Vox has so much to be proud of these days. But their finest accomplishment in recent memory has got to be their campaign, led by Marxist thug Carlos Maza, to deplatform anyone who happens to express hate speech, aka speech they don’t like. Thanks to their brave crusade, not even history teachers are immune from the Great YouTube Purge of 2019.

For those of you who don’t realize how important what Vox is doing actually is, editor in chief Lauren Williams and head of video Joe Posner have written a letter to YouTube CEO Susan Wojcicki to explain it:

Williams and Posner aren’t messing around. No, really. They aren’t. They sound like they’re fully prepared to go to war over this:

To Carlos, us, and many of your creators and users, this behavior is in clear violation of your company’s community guidelines. YouTube’s harassment policy states that “content that makes hurtful and negative personal comments/videos about another person” will be removed from the platform. Your hate speech policy states, “We remove content promoting violence or hatred against individuals or groups based on” race, sexual orientation, and many other protected attributes.

To YouTube, however, Crowder’s behavior — while worthy of demonetization — is not in violation of these policies, as long as the offending language is not “the primary purpose” of a video. If the repeated harassment in these videos doesn’t cross the line by YouTube’s standards, then your line needs to be moved. Without a serious change to YouTube’s interpretation of its standards, Crowder is free to continue to make videos where he hurls slurs at journalists and creators, who will then keep getting hit with the same sort of harassment, invective, and dangerous leaking of personal information that Carlos has continued to experience from Crowder’s fans.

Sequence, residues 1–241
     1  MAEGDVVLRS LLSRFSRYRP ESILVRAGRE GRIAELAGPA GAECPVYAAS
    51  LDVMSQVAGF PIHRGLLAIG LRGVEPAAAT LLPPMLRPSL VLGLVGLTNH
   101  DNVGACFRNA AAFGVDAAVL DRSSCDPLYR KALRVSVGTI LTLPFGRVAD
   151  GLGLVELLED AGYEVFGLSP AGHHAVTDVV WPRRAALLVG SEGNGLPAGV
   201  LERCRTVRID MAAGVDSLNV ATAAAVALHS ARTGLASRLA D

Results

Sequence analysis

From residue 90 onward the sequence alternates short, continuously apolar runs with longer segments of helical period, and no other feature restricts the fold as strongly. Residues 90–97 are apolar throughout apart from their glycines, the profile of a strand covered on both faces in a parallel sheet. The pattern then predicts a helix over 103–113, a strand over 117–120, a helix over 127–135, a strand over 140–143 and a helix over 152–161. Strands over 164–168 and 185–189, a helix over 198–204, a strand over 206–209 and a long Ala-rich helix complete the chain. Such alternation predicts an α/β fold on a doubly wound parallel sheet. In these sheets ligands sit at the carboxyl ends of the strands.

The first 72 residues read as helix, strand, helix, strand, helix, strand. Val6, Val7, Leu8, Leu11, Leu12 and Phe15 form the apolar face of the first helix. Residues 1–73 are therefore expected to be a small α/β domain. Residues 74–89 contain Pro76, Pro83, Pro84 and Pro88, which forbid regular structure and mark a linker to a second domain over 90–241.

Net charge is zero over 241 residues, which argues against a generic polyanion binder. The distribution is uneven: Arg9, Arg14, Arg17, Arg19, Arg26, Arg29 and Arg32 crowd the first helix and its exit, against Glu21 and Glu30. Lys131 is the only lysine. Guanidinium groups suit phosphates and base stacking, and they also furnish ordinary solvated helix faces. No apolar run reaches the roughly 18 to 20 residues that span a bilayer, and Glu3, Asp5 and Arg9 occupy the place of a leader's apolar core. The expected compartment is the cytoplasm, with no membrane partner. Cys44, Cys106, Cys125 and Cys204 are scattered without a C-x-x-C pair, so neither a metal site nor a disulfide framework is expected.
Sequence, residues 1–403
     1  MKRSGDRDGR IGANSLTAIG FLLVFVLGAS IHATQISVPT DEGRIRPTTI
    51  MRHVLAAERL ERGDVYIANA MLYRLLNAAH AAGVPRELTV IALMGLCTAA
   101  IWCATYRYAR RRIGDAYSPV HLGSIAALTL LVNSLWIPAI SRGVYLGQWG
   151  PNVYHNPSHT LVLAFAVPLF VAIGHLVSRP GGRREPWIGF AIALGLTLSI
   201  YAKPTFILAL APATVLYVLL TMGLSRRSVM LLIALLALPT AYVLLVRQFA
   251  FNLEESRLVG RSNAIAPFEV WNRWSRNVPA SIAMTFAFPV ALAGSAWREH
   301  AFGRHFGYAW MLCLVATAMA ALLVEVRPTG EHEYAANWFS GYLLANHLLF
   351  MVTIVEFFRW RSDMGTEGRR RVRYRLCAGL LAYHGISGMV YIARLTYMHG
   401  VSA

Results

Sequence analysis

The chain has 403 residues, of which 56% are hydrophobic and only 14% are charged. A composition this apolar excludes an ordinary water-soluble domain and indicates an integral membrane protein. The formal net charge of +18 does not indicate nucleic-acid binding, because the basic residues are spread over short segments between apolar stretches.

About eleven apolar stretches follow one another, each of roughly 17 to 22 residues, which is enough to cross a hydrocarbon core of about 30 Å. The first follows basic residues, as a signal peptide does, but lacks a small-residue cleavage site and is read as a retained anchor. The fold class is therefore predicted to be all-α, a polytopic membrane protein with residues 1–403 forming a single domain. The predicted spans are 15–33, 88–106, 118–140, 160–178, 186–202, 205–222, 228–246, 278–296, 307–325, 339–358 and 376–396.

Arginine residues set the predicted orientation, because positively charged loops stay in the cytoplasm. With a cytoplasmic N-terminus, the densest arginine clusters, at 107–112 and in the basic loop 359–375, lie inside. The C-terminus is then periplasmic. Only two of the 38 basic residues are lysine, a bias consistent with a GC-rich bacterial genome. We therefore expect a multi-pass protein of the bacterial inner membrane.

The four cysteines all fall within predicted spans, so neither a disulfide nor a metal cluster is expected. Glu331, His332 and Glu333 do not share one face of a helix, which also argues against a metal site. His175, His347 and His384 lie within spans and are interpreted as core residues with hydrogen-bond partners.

The suggestion implicit in YouTube’s inaction is that this harassment is simply the cost of doing business for a gay person of color on your platform. That is unacceptable to us. It should be unacceptable to you too.

We’d like to think that YouTube would look at these not-so-thinly-veiled threats and tell Vox to eff on off back to their safe space. But if YouTube has shown us anything over the past several days, it’s that when it comes to standing up to the Outrage Mob, YouTube’s apparently got Jell-O for a backbone.

Meanwhile, Williams and Posner’s letter is not just thuggish garbage; it’s also an exercise in brazen dishonesty. Ben Shapiro is calling them out on it:

Carlos Maza has been ranting and raving almost nonstop all week — and, it should be noted, blocking any voice that calls him out on it.

Free speech for me, but not for thee. This is what Carlos Maza and Vox are advocating. You’re damn right it’s alarming.

It’s gross.

The mask hasn’t just slipped; it’s crashed to the floor and shattered.

Caving to the Outrage Mob has never once appeased the Outrage Mob; it’s only made their bloodlust stronger.

The ball’s in your court, YouTube et al. Drop it at your own peril.